It’s no secret that gaming enthusiasts rely on the fastest PC components available to stay competitive, but not all monitors can keep pace with today’s fast moving RTS (Real-Time Strategy) games. To avoid motion smearing and lag you need a monitor with a fast pixel response; a monitor like the BenQ RL2450HT, for example. Designed for gaming, this 24-incher boasts a 2-millisecond (gray-to-gray) pixel response and a stand that lets you make all sorts of adjustments. It also offers special gaming specific settings and delivers a sharp picture. It uses a TN (twisted nematic) panel, which means you don’t get the deep color saturation of an IPS panel, nor do you get the wide viewing angles that come with IPS technology. That said, if you don’t mind making a few sacrifices, it is an affordable alternative to our favorite gaming monitor, the BenQ XL2420TX.
Design and Features
The RL2450HT has a design similar to its more expensive sibling, the XL2420TX. Both are housed in a matte black cabinet and both use a splash of red trim on the stand. Unlike the XL2420TX, which uses a wedge-shaped base, the RL2450HT has a round one. It has a Lazy-Susan swivel mechanism on the bottom and the mounting arm provides a little over 4-inches of height adjustability. The hinge used to attach the cabinet to the stand offers tilt maneuverability and allows you to pivot the panel 90 degrees.
The cabinet is 2.4-inches thick and sports 0.75-inch matte black bezels. On the right side of the cabinet are five function buttons and a power switch. The buttons aren’t labeled but they don’t need to be; pressing any one of them brings up on-screen labeling that corresponds to each button, making it easy to change settings in the dark. Three of the buttons are customizable hot keys that are set at the factory for changing Picture Mode, Display Mode, and Smart Scaling. Picture mode includes nine presets including the usual Standard, Movie, Photo, sRGB, and Eco modes. It also offers an RTS mode that is optimized for gaming; it’s a hot picture that enhances shadow detail. There are three additional gamer modes that you can customize with your own specific settings. Display Mode allows you to change the aspect ratio and emulate various panel sizes, and Smart Scaling lets you save display size setting for future use.
The RL2350HT offers a boatload of picture setting options. In addition to brightness and contrast you can adjust sharpness, enhance dark shades with the Black eQualizer, choose one of five gamma settings, adjust the color temperature, and tweak hue and saturation levels. If you’re experiencing lag while playing you can enable the Instant Mode option to enhance image processing and speed things up.
The rear of the cabinet is home to DVI, VGA, and HDMI inputs, and all are downward facing. There’s also a headphone jack for use with an HDMI signal (the RL2450HT does not have speakers). The monitor comes with VGA and DVI cables but does not include an HDMI cable. It also comes with a three year parts, labor, and backlighting warranty.
The RL2450HT’s color quality is good but could be better with some tweaking. I measured its color accuracy using a colorimeter, images from the DisplayMate LCD diagnostic utility, and SpectraCal’s CalMan5 software. The chart below shows where red, green, and blue colors are in relation to the CIE (International Commission On Illumination) values for each color (inside the box is ideal). In this case, reds are a bit weak while greens and blues are slightly oversaturated. None of the colors are off by much, though, and tinting is not an issue.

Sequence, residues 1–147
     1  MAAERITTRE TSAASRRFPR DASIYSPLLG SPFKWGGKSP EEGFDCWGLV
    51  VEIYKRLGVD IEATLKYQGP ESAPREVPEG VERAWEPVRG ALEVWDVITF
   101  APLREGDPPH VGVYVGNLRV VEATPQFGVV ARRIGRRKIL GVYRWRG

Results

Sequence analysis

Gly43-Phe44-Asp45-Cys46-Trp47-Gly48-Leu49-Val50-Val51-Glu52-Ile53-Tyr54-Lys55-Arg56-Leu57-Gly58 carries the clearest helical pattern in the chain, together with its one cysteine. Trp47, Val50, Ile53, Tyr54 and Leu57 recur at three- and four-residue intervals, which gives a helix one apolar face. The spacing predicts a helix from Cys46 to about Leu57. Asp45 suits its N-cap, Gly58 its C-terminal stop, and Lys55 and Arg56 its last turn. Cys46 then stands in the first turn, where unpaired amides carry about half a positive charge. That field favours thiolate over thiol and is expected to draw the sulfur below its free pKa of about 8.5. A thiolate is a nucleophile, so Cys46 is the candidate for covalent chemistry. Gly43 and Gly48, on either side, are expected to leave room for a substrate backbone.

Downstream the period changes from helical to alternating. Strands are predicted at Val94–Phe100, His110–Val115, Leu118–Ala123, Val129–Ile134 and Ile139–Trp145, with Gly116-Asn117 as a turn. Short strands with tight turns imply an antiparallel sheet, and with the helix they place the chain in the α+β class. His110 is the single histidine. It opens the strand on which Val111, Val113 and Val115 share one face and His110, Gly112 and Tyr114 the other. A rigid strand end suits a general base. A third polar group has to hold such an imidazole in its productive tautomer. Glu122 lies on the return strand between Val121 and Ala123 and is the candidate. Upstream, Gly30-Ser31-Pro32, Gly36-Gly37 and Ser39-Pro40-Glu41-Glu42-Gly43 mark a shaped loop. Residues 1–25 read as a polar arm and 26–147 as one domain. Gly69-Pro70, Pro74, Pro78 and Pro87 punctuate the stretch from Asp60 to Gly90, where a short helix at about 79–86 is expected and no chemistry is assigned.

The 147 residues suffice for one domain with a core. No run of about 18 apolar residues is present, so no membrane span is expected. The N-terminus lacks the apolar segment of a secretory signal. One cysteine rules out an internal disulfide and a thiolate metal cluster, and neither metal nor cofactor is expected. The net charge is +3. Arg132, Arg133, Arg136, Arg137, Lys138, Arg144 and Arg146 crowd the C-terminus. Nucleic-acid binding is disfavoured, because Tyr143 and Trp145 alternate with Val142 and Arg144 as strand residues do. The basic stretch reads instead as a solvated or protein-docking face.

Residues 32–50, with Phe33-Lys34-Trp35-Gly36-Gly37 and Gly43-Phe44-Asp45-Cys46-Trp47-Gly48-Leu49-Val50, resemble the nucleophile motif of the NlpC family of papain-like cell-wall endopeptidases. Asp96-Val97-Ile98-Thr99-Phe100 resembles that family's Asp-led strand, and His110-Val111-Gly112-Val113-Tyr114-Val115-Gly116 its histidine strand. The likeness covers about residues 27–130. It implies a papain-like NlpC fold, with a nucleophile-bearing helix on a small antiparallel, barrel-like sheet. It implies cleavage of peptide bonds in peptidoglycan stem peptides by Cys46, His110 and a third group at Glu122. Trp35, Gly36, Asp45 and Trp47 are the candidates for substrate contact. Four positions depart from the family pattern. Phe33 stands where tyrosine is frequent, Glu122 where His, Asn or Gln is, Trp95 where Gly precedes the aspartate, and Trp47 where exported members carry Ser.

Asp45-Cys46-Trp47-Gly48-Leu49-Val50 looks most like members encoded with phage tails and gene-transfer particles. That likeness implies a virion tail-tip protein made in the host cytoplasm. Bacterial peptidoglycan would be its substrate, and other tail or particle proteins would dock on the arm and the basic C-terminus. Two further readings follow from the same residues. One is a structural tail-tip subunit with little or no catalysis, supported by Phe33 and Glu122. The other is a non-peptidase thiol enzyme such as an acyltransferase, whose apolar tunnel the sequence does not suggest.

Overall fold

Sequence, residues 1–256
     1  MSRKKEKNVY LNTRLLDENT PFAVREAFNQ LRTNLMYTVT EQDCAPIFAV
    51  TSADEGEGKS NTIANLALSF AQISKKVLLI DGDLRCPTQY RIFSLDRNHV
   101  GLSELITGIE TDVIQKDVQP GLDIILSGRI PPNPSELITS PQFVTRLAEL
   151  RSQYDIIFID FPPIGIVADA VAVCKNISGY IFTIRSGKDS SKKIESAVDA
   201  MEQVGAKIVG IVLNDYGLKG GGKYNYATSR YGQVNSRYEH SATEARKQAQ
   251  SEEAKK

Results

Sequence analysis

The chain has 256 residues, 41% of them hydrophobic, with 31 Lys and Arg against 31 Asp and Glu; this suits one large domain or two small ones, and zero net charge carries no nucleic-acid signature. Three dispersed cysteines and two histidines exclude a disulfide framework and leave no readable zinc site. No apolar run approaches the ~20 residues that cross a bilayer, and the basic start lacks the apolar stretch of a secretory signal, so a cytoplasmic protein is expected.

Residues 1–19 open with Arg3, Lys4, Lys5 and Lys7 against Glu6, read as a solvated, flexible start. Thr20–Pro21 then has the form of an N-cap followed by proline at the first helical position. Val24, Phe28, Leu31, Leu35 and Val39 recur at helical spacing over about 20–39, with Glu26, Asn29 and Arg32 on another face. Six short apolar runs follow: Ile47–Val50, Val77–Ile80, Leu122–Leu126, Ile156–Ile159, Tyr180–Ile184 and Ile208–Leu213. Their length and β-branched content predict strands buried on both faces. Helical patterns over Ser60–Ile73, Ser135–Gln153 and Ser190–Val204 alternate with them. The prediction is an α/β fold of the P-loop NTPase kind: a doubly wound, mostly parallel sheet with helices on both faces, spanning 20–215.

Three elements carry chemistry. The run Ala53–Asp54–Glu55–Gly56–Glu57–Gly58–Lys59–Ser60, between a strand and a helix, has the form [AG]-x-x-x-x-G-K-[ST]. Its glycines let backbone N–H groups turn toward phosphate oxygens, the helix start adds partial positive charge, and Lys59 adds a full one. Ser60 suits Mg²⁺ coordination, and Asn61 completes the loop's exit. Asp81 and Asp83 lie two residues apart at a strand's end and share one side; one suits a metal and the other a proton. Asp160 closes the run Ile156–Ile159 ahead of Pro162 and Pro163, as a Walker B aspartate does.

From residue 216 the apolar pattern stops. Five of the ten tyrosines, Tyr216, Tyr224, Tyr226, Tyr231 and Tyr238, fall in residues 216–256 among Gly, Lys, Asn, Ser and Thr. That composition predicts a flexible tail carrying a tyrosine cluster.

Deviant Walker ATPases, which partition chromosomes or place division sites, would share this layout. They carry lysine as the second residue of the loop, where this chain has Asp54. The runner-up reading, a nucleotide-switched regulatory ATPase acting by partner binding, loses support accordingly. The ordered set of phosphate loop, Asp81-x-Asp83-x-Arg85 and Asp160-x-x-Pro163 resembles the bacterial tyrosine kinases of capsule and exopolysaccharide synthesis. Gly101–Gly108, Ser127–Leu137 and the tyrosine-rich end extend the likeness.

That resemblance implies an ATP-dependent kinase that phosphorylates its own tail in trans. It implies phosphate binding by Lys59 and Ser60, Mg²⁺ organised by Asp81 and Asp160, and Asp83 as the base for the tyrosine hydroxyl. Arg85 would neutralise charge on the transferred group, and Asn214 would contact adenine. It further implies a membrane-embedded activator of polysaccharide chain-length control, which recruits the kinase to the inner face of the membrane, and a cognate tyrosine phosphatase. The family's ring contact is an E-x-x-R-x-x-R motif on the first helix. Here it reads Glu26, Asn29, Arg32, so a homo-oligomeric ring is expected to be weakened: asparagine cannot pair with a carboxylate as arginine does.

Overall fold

Grayscale performance was good for a TN panel but not ideal; light and middle shades of grays on the 64-Step Grayscale test were well defined but the two darkest shades of gray were crushed (they appeared black). Viewing angle performance was typical of a TN panel; there was minor color shifting and darkening when viewed from an extreme side angle.
The 2-millisecond pixel response handled fast motion gaming wonderfully. I couldn’t detect any ghosting or smearing while playing Company of Heroes and Far Cry 2, and game play was smooth and fluid with no discernable lag.
The RL2450HT used 25 watts of power during testing, which is average for a 24-inch panel. However, enabling Eco mode brought that number down to 15-watts without making the picture to dim. That kind of energy efficiency earns the RL2450HT our Greentech stamp of approval for low energy consumption.
The BenQ RL2450HT offers gamers a fairly reasonably priced monitor with a pixel response that can keep up with the fastest games. It also features plenty of game-centric presets so you don’t have to tweak settings whenever you switch games. Its color quality is good, but you may need to calibrate the monitor if you require very accurate colors. A few extra features such as USB ports and speakers would be welcome here. That said, if you have an extra $200 to spend, the BenQ XL2420TX offers more features and better performance, and it is 3D ready, which is why it remains our Editors’ Choice for mid-sized gaming monitors.
|Native Resolution||1920 x 1080|
|Supported Video Formats||1080p|
|PC Interfaces||Analog VGA, HDMI|
|Video Inputs||DVI, HDMI|
|Diagonal Screen Size||24 inches|
Copyright © 2012 Ziff Davis, Inc